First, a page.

Consumer decision making diagram 2 * Problem recognition 2 * Information search 3 * Evaluations of alternatives 3 * Purchase decision 4 * Post purchase behaviour 4
Market segmentation 6
Market segmentation diagram 6 iPad market segmentation 7 Tablets market share graph 8
Appendix 1 10
Consumer decision making process
Decision making process is beginning a long time before product or service is purchased and continues long after. (Kotler & Armstrong 2001) It is a process involving all activities related to decision-making, starting with the recognition of needs and ending on an assessment of the relevance of the consumer purchase decision, including the exchange of information and evaluation of purchased goods and services.
Consumer decision making diagram
Diagram adapted from: www.consumerpsychologist.com
* Problem recognition
It is first stage of consumer decision making process, where buyer is realizing the need and noticing the difference between the desired and the actual state, which is able to start the process of making a purchase decision. (Kotler & Armstrong 2001)
It may occur as a result of decrease in the level of consumer satisfaction with a product (such as obsolete, often breaking down) or increase in expectations (under the influence of the prevailing fashion, buyers wealth growth, due to the emergence of new needs). The need can be triggered by internal stimuli (hunger, thirst) which consequently increases and becomes a desire and by external stimuli-we walked past a bakery and smell bred, which stimulates hunger.
* Information search
To make a decision consumer need to have the appropriate amount of information. Their number depends of the type of product. For routine purchase like bread and butter, amount of information is not that big, but with a decision widely extended, for example buying a house, we could see a number of complex data. Information search includes the active acquisition of knowledge and heightened attention about the product, its price and the places of sale. With increase of obtained information consumer knowledge enlarge too. (Kotler & Armstrong 2001) Consumers can use internal search - find information in its memory (using its own experience and knowledge, if the consumer already used the product, he has opinion about it ) or external search - a reference to the experiences and knowledge of other people (asking friends and family, reading materials, advertising, search on web sites, ask dealers and use statistic). * Evaluations of alternatives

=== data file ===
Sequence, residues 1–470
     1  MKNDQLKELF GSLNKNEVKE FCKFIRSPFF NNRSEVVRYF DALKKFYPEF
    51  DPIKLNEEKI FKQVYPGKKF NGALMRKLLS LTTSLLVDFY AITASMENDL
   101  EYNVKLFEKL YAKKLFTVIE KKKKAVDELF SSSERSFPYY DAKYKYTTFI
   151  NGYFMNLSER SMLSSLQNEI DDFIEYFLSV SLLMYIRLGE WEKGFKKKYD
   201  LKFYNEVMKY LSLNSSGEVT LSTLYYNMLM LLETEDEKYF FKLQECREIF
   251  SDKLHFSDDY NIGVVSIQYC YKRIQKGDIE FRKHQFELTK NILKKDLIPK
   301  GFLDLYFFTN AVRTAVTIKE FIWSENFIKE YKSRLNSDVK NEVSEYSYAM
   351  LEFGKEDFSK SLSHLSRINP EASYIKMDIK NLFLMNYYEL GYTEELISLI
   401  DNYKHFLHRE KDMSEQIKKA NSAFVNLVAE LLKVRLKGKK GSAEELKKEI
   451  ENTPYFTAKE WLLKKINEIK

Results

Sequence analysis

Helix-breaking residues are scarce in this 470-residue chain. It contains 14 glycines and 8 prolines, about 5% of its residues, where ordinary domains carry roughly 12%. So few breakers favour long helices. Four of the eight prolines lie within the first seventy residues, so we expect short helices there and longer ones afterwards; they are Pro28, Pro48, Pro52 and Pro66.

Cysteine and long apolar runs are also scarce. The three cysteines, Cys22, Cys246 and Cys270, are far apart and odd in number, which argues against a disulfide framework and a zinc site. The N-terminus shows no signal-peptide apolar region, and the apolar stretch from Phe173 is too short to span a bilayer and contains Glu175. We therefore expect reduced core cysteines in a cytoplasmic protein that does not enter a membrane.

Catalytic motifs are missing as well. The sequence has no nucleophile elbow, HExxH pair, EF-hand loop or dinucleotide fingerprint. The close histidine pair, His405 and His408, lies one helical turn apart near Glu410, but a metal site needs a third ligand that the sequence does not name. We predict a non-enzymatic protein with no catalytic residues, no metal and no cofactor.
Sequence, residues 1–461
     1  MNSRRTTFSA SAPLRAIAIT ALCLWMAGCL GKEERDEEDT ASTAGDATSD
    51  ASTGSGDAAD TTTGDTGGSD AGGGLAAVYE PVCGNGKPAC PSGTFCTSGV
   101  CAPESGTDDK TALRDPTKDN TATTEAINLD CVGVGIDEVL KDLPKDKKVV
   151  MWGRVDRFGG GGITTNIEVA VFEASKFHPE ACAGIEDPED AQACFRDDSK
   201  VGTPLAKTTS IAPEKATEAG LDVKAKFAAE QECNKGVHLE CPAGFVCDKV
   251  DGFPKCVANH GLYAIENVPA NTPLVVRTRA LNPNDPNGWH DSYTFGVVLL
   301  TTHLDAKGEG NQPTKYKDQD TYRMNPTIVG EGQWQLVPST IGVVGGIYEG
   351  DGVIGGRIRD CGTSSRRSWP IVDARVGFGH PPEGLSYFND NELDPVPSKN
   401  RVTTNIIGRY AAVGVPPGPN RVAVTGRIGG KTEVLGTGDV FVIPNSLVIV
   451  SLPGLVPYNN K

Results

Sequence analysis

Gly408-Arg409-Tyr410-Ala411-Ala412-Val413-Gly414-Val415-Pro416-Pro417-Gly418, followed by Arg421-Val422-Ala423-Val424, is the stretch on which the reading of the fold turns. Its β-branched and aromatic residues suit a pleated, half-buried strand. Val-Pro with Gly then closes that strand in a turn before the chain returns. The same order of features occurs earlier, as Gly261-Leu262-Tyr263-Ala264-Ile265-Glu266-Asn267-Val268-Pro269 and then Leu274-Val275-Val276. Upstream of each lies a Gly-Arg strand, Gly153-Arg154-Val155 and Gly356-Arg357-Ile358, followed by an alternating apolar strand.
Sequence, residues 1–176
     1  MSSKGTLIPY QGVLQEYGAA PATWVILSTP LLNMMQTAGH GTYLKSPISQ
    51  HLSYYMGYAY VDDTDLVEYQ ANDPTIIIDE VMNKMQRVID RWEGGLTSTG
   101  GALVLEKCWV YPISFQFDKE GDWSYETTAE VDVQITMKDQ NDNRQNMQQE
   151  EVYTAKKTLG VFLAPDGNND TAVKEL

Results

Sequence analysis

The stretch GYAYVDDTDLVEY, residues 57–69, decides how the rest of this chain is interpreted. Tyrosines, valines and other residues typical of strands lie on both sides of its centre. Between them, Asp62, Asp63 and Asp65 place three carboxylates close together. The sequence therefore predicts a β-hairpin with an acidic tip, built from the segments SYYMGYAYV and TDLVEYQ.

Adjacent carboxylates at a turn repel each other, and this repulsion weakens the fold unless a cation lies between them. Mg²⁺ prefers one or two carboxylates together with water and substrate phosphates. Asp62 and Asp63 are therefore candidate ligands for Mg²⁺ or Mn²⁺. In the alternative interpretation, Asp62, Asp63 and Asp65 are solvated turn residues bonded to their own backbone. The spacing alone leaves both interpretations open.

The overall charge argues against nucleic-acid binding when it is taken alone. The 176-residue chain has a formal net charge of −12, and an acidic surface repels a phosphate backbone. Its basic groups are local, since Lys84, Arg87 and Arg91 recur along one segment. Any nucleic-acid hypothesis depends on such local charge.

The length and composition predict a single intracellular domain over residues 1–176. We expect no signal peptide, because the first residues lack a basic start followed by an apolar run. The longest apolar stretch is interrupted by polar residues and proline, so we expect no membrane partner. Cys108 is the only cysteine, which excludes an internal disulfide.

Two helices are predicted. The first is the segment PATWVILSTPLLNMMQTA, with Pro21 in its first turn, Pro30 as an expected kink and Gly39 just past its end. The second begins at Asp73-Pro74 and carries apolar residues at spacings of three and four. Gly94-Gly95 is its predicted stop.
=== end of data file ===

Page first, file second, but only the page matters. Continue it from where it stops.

The third phase of the decision-making process is evaluation of alternatives. It is a process where buyer use all information to evaluate alternative brands in the choices. (Kotler & Armstrong 2001)
In practice it means that customer have to give up from one good to another. When choosing, a buyer judge all options that are available. These criteria depend of the product type. The criteria related to the cost (price, service, installation, operating cost), criteria related to the presentation (performance, materials), criteria related to reputation (brand, theme) and criteria of convenience(other factors associated with the product).
As a practice example we can analyze purchase of mobile phone service. Different customer chooses different services, because of different aspects of satisfaction with the purchased product. For some people brand and design of the phone will be very important. For others the technical aspects and the functions of the phone. Some others will focus on a price, contract condition or using phone abroad. There is hundreds criteria's on mobile phone services choice.
The situation is quite different when purchasing